Sir William Herschel (1738-1822) First President of the Society who discovered Uranus in 1781. His Great 40-foot telescope, which was used to discover the moons of Saturn forms the Society’s crest.
Francis Baily (1774-1844) President of the Society four times. Famous for his research on Baily’s Beads, arcs of bright spots observed during an eclipse. He first described these during an annular eclipse of 1836.
Annie Scott Dill Maunder (1868-1947) One of the first women to be elected as a Fellow in 1916. She worked at the Royal Observatory Greenwich on observational data and photographed the Sun’s atmosphere during an eclipse.
Sir Patrick Moore (1923-2012) Astronomer and presenter of The Sky at Night. Moore wrote the Caldwell Catalogue, a list of star clusters, galaxies and nebulae that complements the Messier Catalogue.
Dame Jocelyn Bell Burnell (b.1943) President of the Society from 2002-04. The astrophysicist co-discovered the first radio pulsars in 1967.
Professor Bernard Schutz (b.1946) Winner of the 2019 Eddington Medal for research in gravitational waves. He is one of the founding members of the Max Planck Institute for Gravitational Physics located in Germany.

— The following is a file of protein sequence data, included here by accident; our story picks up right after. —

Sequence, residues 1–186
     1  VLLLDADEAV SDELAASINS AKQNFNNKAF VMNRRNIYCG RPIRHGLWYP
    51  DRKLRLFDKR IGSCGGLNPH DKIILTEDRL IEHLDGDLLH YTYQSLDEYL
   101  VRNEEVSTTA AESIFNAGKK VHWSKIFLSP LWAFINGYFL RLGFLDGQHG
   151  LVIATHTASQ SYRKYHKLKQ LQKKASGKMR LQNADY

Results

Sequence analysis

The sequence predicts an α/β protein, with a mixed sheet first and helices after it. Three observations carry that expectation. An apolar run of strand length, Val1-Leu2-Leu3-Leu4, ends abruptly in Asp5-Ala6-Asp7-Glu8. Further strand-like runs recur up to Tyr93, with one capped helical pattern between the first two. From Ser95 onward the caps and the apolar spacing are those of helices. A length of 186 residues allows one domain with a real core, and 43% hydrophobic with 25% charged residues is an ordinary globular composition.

A history of the RAS
1820 The Astronomical Society of London is formed
1824 Charles Babbage and Johann Encke receive the first Gold Medal
1827 Monthly Notices, the RAS’s newsletter, is first published
1831 Royal charter signed by William IV
1916 Women are accepted as Fellows
1919 Einstein’s theory of general relativity is tested, and the results are presented at a joint meeting with the Royal Society
1948 The first ‘out of town’ meeting is held in Edinburgh
1970 The Royal Mail celebrates the 150th anniversary with a commemorative stamp
1994 The first female President, Carole Jordan, is elected
2020 The bicentenary of the RAS
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Katrin-Raynor Evans is an astronomy writer and a fellow of the Royal Astronomical Society. This article originally appeared in the January 2020 issue of BBC Sky at Night Magazine.